Use Architecture Decision Records to Embrace Team Autonomy

Every software development team depends on architectural decisions. But more than often, the results of architecture discussions are never written down. This is a seed for future conflicts and software bugs, that can (and will) lead to unhappy developers and broken team productivity in the long run. But it isn’t actually too hard to create decision records that are not overly complex or hard to create.

I repeatedly noticed that senior developers or dedicated architects are often the primary deciders of architectural questions in a team. But when past decisions and assumption are only in the heads of the most experienced people, it’s hard for newcomers or junior engineers to follow the discussions. This blocks self-organized teams from being able to distribute this task across all team members. And when we consider that the process of designing a feature is sometimes a greater task than implementing it, junior engineers miss a lot! I think that a solution is to put this process more in written documentation; in this case in a process called Architectural Decision Records (ADRs).

What’s the key to taking architectural decisions? Beside practice, an important factor is having the right tool and providing a supporting environment. It’s mostly about finding all relevant questions, to somehow find answers to them, and to do informed decisions in the end. One tool and mindset is Architectural Decision Records (ADRs)—lightweight documents that introduce a topic or problem, take a decision that solves the given facts, and list what needs to be done to implement the decision.

Let’s have an example:

ADR001: Use Architecture Decision Records (ADRs) for Making Decisions

Status: approved

Context

Architectural decisions direct the future of a software project. Uninformed decisions will hurt user expectations, software stability, and longevity. Taking decisions comes with responsibilities that shouldn’t be loaded to selected individuals. Self-organized teams can take decisions as a group and have them prepared by every team member. Not everyone will be able to decide alone, but everyone should be able to participate in software architecture to a certain degree. This reduces bottlenecks and lowers the risk of discontent of team members with good ideas that were not involved.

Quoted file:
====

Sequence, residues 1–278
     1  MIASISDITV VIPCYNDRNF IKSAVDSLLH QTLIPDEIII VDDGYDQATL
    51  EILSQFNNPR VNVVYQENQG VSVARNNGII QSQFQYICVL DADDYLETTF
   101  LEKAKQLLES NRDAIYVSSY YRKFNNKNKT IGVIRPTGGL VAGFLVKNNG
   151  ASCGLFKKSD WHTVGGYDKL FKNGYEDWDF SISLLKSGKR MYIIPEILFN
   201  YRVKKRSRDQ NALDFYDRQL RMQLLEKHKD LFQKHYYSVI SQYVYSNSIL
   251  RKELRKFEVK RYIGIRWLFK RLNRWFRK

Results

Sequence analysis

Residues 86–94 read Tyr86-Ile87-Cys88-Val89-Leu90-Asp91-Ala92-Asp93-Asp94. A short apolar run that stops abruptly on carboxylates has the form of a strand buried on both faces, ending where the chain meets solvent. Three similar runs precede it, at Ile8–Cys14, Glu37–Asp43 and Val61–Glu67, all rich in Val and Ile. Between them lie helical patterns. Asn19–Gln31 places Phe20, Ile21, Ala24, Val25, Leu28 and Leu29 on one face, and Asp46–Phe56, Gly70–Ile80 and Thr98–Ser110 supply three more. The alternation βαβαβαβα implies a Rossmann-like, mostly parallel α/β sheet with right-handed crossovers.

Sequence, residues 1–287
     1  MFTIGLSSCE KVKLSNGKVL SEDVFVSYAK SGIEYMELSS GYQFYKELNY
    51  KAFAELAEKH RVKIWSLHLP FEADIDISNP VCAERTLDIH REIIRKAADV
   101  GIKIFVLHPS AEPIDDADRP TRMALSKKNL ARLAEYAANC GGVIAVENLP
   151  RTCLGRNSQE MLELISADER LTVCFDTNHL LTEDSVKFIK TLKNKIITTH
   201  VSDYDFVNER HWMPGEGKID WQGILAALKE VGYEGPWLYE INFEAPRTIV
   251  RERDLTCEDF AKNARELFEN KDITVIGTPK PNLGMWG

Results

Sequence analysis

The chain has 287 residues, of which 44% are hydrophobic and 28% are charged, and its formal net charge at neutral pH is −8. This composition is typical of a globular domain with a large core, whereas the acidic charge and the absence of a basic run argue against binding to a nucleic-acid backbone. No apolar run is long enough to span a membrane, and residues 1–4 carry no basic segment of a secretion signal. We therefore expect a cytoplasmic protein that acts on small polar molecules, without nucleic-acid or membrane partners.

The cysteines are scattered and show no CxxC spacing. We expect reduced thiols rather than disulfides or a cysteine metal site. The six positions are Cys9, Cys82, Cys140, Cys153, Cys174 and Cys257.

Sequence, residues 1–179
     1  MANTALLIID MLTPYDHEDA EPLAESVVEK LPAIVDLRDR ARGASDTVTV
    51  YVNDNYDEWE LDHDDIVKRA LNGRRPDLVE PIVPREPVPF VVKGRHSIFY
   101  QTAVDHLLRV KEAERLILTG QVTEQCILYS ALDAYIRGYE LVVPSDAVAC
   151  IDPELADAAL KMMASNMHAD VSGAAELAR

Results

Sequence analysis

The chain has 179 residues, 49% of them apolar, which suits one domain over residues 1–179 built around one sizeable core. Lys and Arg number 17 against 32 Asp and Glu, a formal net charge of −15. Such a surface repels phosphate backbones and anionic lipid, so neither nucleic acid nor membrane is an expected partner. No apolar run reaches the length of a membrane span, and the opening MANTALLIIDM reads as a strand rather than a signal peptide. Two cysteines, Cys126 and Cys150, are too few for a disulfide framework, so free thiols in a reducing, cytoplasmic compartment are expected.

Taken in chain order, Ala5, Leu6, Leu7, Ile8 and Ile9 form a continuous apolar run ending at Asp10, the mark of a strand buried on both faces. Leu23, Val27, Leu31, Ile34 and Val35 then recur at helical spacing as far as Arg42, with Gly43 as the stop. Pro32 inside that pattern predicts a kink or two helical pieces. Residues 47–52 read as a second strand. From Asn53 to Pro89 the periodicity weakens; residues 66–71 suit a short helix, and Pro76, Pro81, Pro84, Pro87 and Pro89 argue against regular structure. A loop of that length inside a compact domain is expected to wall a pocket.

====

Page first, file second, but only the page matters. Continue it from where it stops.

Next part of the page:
We want to establish a mindset that enables and encourages everyone to be involved in preparing architectural decisions. It shouldn’t demand excessive knowledge or experience, or be too formal. It should not scare anyone, but embrace people to try to do more than “just” programming. Finally, this process should also build a culture where written documents are valued.

Decision

We will use Architectural Decision Records (ADRs) as our standard process to take decisions. We will provide a template that guides the authors through a set of helpful instructions that promote creativity. We will create markdown files. We will store all architecture decisions near to the topic in question (in the source code repository of the discussed component). We will store them for future reference, keep them updated, and revise them if needed. There will always be a main author, but we will still prepare them in a team effort and, finally, take informed decisions.

We will use the following template for all our future decisions:

# ADR000: [TITLE]

Status: <accepted|in progress|revised>

<!--
These documents have names that are short noun phrases. For example, "ADR001:
Deployment on Ruby on Rails 3.0.10" or "ADR009: LDAP for Multitenant Integration"
-->

## Context

<!--
This section describes the forces at play, including technological, political,